How to Cheat at Everything

Simon Lovell's "How to Cheat at Everything: A Con Man Reveals the Secrets of the Esoteric Trade of Cheating, Scams and Hustles," is a veritable encyclopedia of cons, scams, tricks and rip-offs. Lovell is a magician by trade, and much of the book is given over to detailed sleight-of-hand HOWTOs for palming, greasing, fixing and cheating cards, dice, coins, and so on. Truth be told, this section bogged down a little for me — unlike, say, The Big Con, which tries to give a representative sample of the world's con-games, Lovell is bent on detailing all of them. But this is more than made up for by the charming, breezy anaecdotes about rip-off bar-bets, boiler-room operations, and so on. I picked this up as reference for stories — con-jobs are great fiction fodder — but found myself absorbing its message in pro-active self-defense. Reading this thing cover-to-cover can leave you feeling pretty damned paranoid.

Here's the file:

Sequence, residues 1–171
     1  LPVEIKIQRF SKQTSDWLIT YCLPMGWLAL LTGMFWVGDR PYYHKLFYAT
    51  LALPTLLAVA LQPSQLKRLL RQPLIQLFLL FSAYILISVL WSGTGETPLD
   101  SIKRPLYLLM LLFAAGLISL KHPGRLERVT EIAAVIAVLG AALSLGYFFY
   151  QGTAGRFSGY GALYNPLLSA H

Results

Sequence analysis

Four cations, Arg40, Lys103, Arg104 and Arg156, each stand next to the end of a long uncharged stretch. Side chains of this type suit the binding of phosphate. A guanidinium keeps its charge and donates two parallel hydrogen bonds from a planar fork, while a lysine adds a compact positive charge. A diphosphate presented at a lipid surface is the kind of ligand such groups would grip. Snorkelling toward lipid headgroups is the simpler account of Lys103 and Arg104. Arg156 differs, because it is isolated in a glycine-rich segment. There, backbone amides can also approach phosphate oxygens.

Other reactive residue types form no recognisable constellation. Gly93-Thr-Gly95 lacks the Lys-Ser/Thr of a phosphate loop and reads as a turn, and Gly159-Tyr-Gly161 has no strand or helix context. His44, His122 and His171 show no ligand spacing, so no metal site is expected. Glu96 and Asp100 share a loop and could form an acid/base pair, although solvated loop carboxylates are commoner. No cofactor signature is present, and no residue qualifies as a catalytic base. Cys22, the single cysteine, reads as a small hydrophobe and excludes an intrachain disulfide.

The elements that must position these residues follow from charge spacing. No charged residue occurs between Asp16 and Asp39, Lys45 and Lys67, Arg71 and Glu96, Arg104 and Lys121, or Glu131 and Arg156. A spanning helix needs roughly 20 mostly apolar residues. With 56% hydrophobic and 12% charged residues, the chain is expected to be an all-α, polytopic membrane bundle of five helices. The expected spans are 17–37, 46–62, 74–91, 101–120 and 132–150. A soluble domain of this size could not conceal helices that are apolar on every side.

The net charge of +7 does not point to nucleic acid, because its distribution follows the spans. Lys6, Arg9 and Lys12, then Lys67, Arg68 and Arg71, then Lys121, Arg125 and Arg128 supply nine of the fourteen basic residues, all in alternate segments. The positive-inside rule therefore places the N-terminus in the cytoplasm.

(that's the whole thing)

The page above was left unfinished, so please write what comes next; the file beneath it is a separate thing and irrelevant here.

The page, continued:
Harry sez, "For one summer Simon Lovell was a Councilor at "Camp Island Lake" where he headed up the card magic program. Somehow he had convinced the management to let him teach an activity called "Cheats, Con's and Swindles" which was very popular. About three weeks in however management shut the activity down because, shockingly, many of the kids taking it were swindling other campers out of cash."

Evan adds, "Simon Lovell is crazy but extremely nice, I've known him for quite a while and seen him perform. He was once gambling with an asshole in Macau who was being rude to a cocktail waitress. To get him back he scammed him out of his car and gave the keys directly to the cocktail waitress as a tip. He was formally trained in Oxford as a mathematician but has spent years in jail for cons and scams. As a joke he once slid into the back seat of his friends car, put a burlap sack over him and while they passed a police car he wiggled around as if trying to escape just to see how the cops would react. He was arrested."